Each Druidic grove conducts its rituals and ceremonies in a unique way.[5] Druidic rituals are designed to align their participants with the spirit imbuing nature.[34] According to the anthropologist Thorsten Gieser, Druidic rituals are best seen not as a set of formalised actions but as "a stance, an attitude, a particular mode of experience and perception which gives rise to a feeling of being-in-the-world, of being part of Nature."[34] The practices of modern Druids typically take place outside, in the daylight, in what is described as "the eye of the sun", meaning around midday;[49][50] in some cases, they instead perform their rites indoors, or during the night.[50] Druidic rituals usually reflect on the time of year and the changing of the seasons.[49]

Druidic rituals often involve the participants standing in a circle and begin with a "calling of the quarters", in which a participant draws a circle in the air in a deosil direction to hail the north, south, east, and west, marking out the space in which the ceremony will take place.[51] Libations may be poured onto the ground while a chalice of drink is passed around the assembled participants, again in a deosil direction. Food, often in the form of bread or cake, it also passed around the Druids and consumed,[52] this may be followed by a period of meditation among those assembled.[53] A form of earth energy is then visualised, with participants believing that it is sent for a designated healing purpose,[53] this may be designed to help the victims of a particular event, such as a war or an epidemic, or it might be directed to assist individuals known to the group who are ill or requiring emotional support.[54] After the end of the ceremony, the Druids may remain together to take part in a meal,[55] or visit a nearby pub.[56]

There is no specific dress code for ritual within the Druidic movement; some participants wear ordinary clothes, others wear robes.[49] Some groups favour earth-coloured robes, believing that this links them to the natural world and that it aids them in traveling unnoticed when going about at night.[57] "Celtish" language is often employed during ceremonies,[49] as are quotations and material from the Carmina Gadelica.[49] Most use some form of Morganwg's Gorsedd Prayer.[25]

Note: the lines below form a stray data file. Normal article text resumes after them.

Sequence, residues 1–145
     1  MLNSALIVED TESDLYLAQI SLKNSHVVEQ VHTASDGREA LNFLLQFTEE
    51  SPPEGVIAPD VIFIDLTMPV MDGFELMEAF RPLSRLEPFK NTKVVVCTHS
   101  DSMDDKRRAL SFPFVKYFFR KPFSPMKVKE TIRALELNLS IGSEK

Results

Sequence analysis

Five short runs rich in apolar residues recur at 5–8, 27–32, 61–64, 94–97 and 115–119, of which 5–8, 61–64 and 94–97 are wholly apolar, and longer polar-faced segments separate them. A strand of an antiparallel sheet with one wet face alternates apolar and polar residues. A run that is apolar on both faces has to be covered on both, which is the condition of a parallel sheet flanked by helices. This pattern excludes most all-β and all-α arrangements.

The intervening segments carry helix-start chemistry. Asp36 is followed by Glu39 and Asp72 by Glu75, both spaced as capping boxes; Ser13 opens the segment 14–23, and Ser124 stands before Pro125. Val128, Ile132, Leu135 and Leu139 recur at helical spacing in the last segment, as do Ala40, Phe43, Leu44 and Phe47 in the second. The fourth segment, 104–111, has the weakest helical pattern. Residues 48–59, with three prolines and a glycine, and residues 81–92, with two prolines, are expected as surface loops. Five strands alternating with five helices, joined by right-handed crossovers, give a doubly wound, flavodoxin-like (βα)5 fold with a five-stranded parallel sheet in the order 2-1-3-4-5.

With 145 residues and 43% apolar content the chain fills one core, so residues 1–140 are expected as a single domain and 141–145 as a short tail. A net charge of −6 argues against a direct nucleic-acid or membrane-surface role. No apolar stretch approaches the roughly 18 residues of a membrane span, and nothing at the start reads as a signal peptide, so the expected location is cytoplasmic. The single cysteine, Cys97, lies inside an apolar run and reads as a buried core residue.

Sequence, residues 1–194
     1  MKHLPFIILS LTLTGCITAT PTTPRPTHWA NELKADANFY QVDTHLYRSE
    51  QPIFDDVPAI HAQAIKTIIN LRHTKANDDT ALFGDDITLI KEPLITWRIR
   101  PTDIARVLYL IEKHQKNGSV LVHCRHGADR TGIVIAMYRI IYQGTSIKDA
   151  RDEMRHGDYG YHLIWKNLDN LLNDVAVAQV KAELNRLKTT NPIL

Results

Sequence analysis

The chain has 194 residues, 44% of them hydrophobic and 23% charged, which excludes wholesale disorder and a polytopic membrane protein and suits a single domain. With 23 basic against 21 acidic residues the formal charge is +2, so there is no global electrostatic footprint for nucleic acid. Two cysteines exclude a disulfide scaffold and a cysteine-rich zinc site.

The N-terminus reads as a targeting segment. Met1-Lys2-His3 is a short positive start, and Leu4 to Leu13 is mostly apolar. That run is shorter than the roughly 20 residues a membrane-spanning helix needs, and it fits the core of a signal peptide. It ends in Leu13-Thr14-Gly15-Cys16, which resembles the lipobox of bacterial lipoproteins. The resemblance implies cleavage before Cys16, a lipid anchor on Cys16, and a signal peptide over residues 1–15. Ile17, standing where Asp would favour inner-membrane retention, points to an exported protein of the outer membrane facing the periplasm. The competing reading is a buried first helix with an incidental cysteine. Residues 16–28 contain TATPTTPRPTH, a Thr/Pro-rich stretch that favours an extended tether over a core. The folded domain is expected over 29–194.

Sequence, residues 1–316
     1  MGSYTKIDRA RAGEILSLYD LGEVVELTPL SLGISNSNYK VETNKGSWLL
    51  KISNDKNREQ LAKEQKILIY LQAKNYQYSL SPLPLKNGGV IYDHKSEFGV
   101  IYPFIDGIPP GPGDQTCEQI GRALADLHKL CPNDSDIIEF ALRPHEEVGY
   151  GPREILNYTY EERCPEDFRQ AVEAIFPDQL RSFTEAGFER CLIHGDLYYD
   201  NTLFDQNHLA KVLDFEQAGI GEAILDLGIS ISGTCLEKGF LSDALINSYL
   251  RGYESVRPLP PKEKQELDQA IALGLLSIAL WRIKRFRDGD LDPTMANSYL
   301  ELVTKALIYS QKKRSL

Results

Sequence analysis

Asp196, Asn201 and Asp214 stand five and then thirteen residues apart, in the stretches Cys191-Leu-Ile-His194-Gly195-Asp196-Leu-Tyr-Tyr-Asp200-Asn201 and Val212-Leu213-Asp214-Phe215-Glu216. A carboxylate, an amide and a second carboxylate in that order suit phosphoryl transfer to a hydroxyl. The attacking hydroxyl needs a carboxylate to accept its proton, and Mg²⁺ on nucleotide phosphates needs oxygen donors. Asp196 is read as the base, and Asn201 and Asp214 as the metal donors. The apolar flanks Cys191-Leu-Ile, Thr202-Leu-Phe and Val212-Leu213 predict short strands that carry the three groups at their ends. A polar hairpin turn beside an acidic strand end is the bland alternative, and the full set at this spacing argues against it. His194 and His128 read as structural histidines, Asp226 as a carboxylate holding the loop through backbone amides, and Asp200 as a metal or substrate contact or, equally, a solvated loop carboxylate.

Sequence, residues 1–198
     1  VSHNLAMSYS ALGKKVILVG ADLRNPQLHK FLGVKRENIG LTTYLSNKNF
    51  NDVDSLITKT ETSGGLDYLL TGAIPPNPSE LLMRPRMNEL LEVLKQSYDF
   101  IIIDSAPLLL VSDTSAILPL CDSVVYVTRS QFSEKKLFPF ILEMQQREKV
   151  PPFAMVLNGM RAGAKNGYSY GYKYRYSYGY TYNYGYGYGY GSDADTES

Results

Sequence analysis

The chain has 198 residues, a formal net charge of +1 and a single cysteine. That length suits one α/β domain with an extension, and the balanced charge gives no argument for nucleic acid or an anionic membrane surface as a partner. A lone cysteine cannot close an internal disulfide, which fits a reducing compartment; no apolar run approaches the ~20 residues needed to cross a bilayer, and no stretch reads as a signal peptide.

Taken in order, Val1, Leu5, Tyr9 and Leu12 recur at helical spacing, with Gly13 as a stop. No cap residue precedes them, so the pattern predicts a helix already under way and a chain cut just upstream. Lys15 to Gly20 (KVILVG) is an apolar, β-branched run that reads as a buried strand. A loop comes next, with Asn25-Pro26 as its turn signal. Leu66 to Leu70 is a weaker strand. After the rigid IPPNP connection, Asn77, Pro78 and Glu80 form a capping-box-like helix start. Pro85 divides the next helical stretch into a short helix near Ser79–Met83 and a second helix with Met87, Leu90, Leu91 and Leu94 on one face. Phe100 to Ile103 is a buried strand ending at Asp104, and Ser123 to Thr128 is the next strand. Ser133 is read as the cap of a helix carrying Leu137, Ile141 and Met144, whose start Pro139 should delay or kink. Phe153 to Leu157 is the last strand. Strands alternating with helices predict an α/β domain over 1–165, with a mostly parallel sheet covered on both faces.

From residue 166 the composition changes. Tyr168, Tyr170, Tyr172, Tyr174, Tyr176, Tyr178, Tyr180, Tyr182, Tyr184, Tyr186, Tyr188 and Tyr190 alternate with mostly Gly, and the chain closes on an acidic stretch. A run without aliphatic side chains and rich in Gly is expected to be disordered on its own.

Some Druids also involve themselves in spell-casting, although this is usually regarded as a secondary feature among their practices.[54]

Locations for ritual[edit]

Rituals commonly take place at formations in the natural landscape or at prehistoric sites, among them megalithic constructions from the Neolithic and Bronze Age or earthworks from the Iron Age.[6] Druids often believe that, even if the Iron Age druids did not build these monuments, they did use them for their rites.[9] Performing rituals at said sites allows many Druids to feel that they are getting close to their ancestors.[58] Druids regard them as sacred sites in part as recognition that prehistoric societies would have done the same.[59] Druids in various parts of Ireland and Britain have reported such sites being home to a "Spirit of the Place" residing there.[59] Many Druids also believe that such sites are centres of earth energy and lie along ley lines in the landscape,[60] these are ideas that have been adopted from Earth mysteries writers like John Michell.[61]

Druidic ritual at Stonehenge in Wiltshire, southern England

In the popular imagination, Druids are closely linked with Stonehenge—a Neolithic and Bronze Age site in Wiltshire, southern England,[62] although Stonehenge predates the Iron Age and there is no evidence that it was ever used by Iron Age druids, many modern Druids believe that their ancient namesakes did indeed use it for their ceremonies.[62] Druids also use many other prehistoric sites as spaces for their rituals, including stone circles like that at Avebury in Wiltshire,[49] some Druids have erected their own, modern stone circles in which to perform their ceremonies.[63] Druidic practices have also taken place at Early Neolithic chambered long barrows such as Wayland's Smithy in Oxfordshire,[64] and the Coldrum Long Barrow in Kent.[65] In Ireland, Druids perform ceremonies at one of the island's best known prehistoric sites, the Hill of Tara;[66] in 2000, scholar of religion Amy Hale noted that Druidic rituals at such prehistoric sites were "increasingly more common".[67] She regarded the stone circle as "a symbol of an imagined Celtic past" shared by both Druids and Gorseth Bards,[33] as well as performing group rituals at sites, Druids also visit them alone to meditate, prayer, and provide offerings.[68] Aside from Sabbat rituals, rites of passage can also take place at such sites, such as a Druidic baby-naming ceremony which took place at Kent's Chestnuts Long Barrow.[69]

Attitudes to land and environmental conservation are important to the Druidic world-view;[70] in 2003, Druids performed a ritual at the Hill of Tara to heal the location after road construction took place in the adjacent landscape.[66] Others have carried out rituals at Coldrum Long Barrow to oppose fracking in the landscape.[71] Druids have also involved themselves in tree planting projects.[72]